South Main Street, then and now - In March 1692 several Ipswich persons petitioned “to have liberty granted them to build shops upon ye bank by ye river side,” at what is now South Main Street. The Selectmen laid out this stretch of land in twenty-three small lots and granted them “to as many individuals with the conditions that they not encumber … Continue reading South Main Street, then and now
Lords Square, a photographic history - Lord’s Square was known as Brewer’s Corner in early Ipswich. John Brewer was a town clerk and being on what was then the outskirts of town owned a large lot, which he divided into sections and sold. Brewer’s First Period home at 82 High Street was built in 1700 and still stands just north of … Continue reading Lords Square, a photographic history
Great Neck, a photographic history - (Text adapted from the History of Great Neck, published in 1984 by Doris Wilson) Before the settlement of Ipswich was begun in 1633 by John Winthrop, William Jeffrey, who had come over in 1623, had purchased from the Indians a title to the glacial drumlin which bears his name. Thomas Franklin Waters wrote: “The first … Continue reading Great Neck, a photographic history
Little Neck, a photographic history - In 1639, two wealthy brothers William and Robert Paine (aka Payne) procured a grant of land in the town of Ipswich from the Massachusetts Bay Colony. In about 1649 Robert offered to “erect an edifice for the purpose of a grammar school, provided the town or any particular inhabitant of the town would devote, set … Continue reading Little Neck, a photographic history
Bill George’s nostalgic look at old Ipswich - Paul Valcour interviewed Bill George twice for his show on Ipswich ICAM, and Bill shared his collection of old Ipswich photographs.
A photographic history of the Ipswich Mills Dam - Until 350 years ago, the Ipswich River ran unencumbered from its origin 35 miles upstream, carving its way through a 148-square-mile watershed. Herring, shad, salmon and alewife swam upstream to spawn. Thomas Franklin Waters noted that, “Great shoals of alewives came up the river in the Spring and were seined at night by the light of torches … Continue reading A photographic history of the Ipswich Mills Dam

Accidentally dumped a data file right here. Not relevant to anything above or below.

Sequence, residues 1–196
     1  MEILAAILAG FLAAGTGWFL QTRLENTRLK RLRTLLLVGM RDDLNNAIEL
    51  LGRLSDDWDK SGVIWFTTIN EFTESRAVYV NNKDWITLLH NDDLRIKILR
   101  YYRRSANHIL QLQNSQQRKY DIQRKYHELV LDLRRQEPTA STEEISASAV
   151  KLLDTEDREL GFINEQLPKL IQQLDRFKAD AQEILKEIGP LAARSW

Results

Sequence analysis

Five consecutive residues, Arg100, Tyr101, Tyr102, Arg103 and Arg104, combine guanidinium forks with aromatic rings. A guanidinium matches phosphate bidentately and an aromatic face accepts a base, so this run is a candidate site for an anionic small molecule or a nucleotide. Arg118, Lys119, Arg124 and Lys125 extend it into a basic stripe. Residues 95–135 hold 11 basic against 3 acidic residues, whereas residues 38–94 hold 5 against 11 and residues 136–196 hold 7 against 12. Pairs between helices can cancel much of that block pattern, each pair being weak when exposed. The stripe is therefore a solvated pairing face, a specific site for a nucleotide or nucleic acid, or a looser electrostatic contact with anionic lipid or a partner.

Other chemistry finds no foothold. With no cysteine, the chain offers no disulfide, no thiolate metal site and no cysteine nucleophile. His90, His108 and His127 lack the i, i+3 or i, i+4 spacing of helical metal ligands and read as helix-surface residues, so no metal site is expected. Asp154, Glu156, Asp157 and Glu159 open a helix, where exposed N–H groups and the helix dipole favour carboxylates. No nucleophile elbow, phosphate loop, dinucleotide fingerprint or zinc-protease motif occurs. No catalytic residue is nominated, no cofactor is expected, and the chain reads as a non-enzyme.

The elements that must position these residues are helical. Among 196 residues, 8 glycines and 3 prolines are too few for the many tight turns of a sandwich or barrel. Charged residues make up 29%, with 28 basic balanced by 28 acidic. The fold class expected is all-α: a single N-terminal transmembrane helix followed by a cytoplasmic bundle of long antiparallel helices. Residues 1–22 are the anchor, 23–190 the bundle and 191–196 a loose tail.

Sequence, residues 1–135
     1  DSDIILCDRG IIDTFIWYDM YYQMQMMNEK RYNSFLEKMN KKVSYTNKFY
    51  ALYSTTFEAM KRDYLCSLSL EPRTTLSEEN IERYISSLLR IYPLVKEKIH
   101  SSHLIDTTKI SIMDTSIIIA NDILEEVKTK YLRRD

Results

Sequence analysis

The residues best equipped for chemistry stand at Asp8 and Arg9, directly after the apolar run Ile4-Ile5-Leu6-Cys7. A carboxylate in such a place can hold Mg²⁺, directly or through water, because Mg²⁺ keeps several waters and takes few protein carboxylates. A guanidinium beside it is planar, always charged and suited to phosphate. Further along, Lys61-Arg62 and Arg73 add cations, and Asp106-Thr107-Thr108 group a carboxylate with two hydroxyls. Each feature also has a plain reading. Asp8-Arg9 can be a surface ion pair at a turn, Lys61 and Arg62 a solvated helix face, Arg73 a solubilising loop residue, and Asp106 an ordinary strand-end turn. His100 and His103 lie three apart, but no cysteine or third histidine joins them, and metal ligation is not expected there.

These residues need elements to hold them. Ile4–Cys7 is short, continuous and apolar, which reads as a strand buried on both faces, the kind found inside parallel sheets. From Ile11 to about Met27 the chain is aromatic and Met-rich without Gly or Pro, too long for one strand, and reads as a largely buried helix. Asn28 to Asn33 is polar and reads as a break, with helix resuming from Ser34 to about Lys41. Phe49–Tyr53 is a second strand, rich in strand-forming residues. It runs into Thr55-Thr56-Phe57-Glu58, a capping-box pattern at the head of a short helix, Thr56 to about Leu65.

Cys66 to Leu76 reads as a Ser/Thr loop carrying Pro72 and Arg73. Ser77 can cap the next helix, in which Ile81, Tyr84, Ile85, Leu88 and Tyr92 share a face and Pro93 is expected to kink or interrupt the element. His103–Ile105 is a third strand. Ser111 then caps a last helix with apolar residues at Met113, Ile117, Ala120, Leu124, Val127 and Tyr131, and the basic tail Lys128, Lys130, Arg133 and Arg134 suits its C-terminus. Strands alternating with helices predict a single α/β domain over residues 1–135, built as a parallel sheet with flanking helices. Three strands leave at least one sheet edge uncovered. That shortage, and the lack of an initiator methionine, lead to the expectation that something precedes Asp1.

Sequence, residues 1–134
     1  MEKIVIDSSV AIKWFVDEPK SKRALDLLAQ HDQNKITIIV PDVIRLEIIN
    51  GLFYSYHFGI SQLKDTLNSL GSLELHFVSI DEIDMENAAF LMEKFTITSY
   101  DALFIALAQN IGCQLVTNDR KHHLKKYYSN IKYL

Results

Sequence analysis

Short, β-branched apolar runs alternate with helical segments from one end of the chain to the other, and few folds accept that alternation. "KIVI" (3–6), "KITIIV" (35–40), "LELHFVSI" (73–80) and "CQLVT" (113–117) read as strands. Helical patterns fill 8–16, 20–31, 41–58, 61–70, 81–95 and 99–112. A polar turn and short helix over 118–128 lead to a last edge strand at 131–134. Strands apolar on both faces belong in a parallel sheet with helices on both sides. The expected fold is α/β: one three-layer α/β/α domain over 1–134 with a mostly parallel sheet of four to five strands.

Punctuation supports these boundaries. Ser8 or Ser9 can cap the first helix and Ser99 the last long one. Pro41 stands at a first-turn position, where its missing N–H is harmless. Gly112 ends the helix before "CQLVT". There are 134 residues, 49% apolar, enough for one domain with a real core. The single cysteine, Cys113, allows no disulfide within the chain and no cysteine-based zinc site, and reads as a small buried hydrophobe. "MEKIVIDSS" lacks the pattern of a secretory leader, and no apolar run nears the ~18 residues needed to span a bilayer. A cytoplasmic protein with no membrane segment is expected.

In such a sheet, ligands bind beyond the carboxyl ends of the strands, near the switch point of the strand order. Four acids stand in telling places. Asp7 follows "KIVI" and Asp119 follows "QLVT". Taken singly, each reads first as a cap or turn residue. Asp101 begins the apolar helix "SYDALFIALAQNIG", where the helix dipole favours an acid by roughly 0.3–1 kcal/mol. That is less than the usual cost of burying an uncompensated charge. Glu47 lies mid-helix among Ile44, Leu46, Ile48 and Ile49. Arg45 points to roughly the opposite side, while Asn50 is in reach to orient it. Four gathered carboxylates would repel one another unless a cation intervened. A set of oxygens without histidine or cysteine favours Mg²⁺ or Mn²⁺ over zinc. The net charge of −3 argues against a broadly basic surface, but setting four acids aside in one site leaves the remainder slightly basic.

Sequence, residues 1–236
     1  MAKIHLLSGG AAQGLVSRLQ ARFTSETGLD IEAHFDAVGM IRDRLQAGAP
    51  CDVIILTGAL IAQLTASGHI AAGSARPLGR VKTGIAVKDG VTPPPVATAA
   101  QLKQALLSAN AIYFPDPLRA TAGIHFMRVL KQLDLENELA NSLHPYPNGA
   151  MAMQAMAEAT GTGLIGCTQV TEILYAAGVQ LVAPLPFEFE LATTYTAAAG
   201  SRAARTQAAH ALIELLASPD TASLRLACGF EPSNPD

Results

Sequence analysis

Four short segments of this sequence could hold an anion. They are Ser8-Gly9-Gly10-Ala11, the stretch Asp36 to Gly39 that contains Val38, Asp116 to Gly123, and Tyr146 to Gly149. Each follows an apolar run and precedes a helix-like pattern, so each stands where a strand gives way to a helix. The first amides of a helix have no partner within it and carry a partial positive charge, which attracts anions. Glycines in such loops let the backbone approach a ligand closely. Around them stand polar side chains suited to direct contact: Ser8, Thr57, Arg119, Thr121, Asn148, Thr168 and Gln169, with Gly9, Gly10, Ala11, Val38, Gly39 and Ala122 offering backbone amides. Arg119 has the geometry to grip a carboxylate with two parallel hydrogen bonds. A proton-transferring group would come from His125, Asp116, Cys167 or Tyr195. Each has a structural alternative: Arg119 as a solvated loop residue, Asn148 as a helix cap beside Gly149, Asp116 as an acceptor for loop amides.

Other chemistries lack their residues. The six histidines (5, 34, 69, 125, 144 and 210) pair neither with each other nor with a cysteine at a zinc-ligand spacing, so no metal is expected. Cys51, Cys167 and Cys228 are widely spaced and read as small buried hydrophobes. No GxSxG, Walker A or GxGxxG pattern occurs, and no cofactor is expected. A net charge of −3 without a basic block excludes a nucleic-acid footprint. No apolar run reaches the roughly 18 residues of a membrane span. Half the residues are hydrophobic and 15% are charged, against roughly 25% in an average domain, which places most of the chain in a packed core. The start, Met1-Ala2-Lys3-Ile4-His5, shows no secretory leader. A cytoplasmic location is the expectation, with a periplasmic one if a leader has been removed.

A photographic and chronological history of the Ipswich Schools - Featured image: Manning School, and the first Winthrop School on the left. Photo by George Dexter, circa 1900. Excerpts from The History of the Ipswich Public Schools, an excellent article written in 2008 by William E. Waitt, Jr, who served as teacher and principal in the Ipswich Public Schools for 36 years; and A History of the Ipswich … Continue reading A photographic and chronological history of the Ipswich Schools
Photos from the Great Snow of 2015 - Images from the blizzard, January 27, 2015 and the series of snowstorms that followed. Many photos are from the I Love Ipswich Facebook group. Featured image: The road into Crane Beach, by Diane Young.
Arthur Wesley Dow - Ipswich artist Arthur Wesley Dow was born on April 6, 1857 and grew up in the Matthew Perkins house on East Street. He was one of the town’s most famous residents and a founding member of the Ipswich Historical Society. The Ipswich Museum owns the largest single collection of works by Arthur Wesley Dow, including oil … Continue reading Arthur Wesley Dow
Along the Old Bay Road - In November 1639, the General Court in Boston ordered that the first official road be laid out from Boston to Portsmouth. Bay Road was to be constructed by each town along the way and milestones carved in stone were installed to indicate distances. Some (but not all) of the road is also known now as Historic … Continue reading Along the Old Bay Road
The Town Wharf - In November, 1634, it was agreed that “the length of Ipswich should extend westward unto the buryinge place (Old North Burying Ground), and eastward unto a cove of the river, unto the planting ground of John Pirkings the Elder.” The cove mentioned here was where the Ipswich River lapped East street before Agawam Ave. In the 19th Century, … Continue reading The Town Wharf
Postcards from Ipswich - Click on any image to begin the slideshow. To leave the slideshow and return to Stories from Ipswich hit the Esc button or click on the X in the top corner Postcards from Salem Postcards from Newburyport
Postcards from Newburyport - (Click on any image to begin a slideshow. Press the X in the top left corner or the Esc button to leave the slide show).
Postcards from Salem - Click on any image to begin the slideshow. To leave the slideshow and return to Stories from Ipswich hit the Esc button or click on the X in the top left corner.
David Stone’s Ipswich photos